Diversity in the UK and PR Workplace

Public relations is practiced globally, but this section will focus solely on diversity in the United Kingdom (UK) because of a 2020 report titled “Race  in PR: BAME lived experiences in the UK PR industry.” The UK consists of England, Wales, and two other countries. The UK uses the acronym BAME -- Blacks, Asian, and Minority Ethnic -- to classify ethnic groups who are not white.

In England and Wales, the white ethnic group is 86 percent, while the BAME population stands at 14 percent, according to the 2011 UK Census, the latest available updated in 2019. In London, however, BAMEs made up 40.2 percent of the population.

The London, England-based Chartered Institute of Public Relations, the largest group for public relations practitioners in the UK and overseas, acknowledges that the profession has a diversity problem.

In its Race in PR report (2020), CIPR found that the number of BAMEs has declined from 11 percent in 2015 to 8 percent in 2019. Similarly, CIPRs State of the Profession Report 2019 found that the public relations industry is becoming less diverse in terms of ethnicity and sexuality. Also, women still lag in leadership roles and pay.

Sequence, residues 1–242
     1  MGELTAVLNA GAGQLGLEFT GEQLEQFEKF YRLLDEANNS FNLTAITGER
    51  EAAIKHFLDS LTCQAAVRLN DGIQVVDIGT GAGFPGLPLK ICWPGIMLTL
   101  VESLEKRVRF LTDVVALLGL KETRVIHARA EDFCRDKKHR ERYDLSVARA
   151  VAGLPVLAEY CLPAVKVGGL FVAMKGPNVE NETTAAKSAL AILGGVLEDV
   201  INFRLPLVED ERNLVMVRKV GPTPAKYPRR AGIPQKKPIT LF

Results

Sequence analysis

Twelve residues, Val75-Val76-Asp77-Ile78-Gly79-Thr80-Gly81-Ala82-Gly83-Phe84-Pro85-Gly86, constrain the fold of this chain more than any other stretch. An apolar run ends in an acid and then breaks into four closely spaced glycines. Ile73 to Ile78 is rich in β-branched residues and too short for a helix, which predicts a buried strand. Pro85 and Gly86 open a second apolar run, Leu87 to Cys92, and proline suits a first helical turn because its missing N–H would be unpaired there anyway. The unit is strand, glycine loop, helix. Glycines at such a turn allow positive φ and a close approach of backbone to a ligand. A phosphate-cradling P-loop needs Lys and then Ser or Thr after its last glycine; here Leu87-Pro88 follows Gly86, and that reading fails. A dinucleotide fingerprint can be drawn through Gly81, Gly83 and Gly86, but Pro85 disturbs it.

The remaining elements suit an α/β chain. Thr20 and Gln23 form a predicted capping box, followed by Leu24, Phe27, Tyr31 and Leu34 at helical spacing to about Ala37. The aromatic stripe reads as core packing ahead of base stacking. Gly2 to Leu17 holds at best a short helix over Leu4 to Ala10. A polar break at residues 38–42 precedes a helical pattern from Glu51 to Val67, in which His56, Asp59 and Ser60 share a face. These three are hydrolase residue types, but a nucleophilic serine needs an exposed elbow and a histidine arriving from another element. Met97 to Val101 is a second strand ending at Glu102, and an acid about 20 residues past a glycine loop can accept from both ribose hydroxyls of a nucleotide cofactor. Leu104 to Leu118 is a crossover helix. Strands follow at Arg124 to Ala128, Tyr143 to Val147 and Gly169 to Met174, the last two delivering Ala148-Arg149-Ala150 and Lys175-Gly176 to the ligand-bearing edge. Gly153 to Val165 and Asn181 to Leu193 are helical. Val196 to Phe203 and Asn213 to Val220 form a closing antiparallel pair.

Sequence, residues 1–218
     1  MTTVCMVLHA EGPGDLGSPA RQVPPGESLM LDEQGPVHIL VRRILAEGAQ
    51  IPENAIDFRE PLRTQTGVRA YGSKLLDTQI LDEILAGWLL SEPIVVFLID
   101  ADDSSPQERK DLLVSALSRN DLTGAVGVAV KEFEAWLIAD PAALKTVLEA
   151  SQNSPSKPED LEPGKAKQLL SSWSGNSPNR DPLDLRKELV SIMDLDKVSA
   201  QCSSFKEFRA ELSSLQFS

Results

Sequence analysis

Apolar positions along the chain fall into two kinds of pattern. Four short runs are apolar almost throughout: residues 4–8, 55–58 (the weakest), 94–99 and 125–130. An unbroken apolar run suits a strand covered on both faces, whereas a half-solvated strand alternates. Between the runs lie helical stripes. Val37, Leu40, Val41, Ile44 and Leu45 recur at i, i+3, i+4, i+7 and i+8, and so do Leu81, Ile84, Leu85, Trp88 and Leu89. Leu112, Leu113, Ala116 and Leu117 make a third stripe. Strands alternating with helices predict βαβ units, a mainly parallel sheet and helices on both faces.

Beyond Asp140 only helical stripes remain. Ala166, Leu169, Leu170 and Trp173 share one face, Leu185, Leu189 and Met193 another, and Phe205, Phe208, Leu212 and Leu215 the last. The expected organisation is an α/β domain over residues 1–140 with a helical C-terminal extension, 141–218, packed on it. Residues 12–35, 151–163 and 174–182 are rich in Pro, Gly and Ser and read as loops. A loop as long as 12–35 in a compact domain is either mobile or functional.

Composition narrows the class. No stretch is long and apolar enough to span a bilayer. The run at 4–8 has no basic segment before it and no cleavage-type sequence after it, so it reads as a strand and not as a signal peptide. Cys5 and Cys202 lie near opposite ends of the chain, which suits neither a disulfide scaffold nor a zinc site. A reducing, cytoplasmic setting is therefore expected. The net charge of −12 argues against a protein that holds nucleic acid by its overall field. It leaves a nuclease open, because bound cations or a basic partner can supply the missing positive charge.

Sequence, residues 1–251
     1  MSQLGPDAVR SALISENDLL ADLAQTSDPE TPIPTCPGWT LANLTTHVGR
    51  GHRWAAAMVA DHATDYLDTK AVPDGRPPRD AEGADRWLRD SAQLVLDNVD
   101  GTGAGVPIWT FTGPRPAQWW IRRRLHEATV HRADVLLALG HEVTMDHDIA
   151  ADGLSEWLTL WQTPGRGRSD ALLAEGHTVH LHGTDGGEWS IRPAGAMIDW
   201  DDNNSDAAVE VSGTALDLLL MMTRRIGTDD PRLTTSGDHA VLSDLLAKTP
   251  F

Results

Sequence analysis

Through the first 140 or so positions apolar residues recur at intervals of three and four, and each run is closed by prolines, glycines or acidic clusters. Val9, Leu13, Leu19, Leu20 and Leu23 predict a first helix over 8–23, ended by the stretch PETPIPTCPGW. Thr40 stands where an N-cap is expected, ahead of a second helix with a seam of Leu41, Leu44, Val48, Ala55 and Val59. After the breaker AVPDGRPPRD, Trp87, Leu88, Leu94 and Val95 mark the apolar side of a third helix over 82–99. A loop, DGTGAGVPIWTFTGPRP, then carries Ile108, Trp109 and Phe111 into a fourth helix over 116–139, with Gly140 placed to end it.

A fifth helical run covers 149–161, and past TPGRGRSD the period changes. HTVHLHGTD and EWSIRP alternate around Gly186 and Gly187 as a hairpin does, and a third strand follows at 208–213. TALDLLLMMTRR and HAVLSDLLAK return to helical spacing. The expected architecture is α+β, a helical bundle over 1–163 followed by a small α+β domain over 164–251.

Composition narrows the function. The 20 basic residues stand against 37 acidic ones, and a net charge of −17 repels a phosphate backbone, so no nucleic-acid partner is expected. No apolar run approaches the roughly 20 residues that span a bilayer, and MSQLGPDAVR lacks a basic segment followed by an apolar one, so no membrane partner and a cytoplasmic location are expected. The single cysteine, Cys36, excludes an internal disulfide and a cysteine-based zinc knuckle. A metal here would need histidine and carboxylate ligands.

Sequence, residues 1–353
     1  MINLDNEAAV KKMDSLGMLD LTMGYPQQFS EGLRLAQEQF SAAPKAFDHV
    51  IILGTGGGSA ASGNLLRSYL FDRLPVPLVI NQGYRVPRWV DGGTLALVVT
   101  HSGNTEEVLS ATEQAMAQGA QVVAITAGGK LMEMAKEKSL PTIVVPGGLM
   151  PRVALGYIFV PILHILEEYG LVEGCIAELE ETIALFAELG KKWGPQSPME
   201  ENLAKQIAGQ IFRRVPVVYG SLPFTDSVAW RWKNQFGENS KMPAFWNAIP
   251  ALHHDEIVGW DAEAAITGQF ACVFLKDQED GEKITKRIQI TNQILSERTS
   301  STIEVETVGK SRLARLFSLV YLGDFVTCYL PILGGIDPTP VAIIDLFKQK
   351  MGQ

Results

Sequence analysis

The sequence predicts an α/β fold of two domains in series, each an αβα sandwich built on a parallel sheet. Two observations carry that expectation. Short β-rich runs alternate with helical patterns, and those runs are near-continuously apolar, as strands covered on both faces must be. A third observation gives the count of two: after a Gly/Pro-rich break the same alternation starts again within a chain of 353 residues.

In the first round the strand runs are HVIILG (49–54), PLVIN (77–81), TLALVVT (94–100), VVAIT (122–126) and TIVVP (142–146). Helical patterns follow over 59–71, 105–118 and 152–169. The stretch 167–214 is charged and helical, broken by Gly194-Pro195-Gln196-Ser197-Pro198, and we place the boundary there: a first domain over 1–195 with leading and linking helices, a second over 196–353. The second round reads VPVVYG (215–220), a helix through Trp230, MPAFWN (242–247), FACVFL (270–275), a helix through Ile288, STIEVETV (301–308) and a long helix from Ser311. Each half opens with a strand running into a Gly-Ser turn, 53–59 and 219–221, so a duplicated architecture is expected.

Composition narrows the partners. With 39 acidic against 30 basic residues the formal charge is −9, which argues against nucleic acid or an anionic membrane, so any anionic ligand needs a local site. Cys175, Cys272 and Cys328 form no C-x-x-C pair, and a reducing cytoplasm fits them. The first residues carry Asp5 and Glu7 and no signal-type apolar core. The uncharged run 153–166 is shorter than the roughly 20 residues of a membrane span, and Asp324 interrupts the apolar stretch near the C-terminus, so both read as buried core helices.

Regarding ethnicity, 92 percent identified as white, an increase of over 86% in 2018, and 90% in 2017, CIPR explained. With sexuality, 89 percent identified as heterosexual, an increase of 4% from the previous year.

Furthermore, women made up 67 percent of the profession, but men held 44 percent of executive roles, the CIPR report states. However, the report found that the gender pay gap decreased from the previous two years.

Finally, in listing the top challenges facing the public relations industry, “lack of diversity amongst PR professionals” ranked No. 9 out of 11, according to CIPR.

“The PR industry agrees that diversity is important in attracting the best talent, to bring fresh thinking, creativity and insights, but our actions speak louder than our words,” Avril Lee MCIPR, CIPR Chair of the Diversity and Inclusion Network, writes in the 2019 report. “Without those inside changing the status quo, those outside will remain locked out and our profession will be poorer for it.”

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